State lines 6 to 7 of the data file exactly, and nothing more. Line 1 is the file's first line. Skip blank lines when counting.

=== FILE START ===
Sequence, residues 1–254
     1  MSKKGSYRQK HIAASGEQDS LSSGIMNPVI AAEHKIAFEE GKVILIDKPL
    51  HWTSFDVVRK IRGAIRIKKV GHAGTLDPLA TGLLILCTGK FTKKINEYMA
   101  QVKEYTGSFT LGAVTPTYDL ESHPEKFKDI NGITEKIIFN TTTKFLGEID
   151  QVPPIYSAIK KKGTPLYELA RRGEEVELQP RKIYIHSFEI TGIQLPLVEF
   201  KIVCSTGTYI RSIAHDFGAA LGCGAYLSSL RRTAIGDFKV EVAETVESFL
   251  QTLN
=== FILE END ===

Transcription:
   201  KIVCSTGTYI RSIAHDFGAA LGCGAYLSSL RRTAIGDFKV EVAETVESFL
   251  QTLN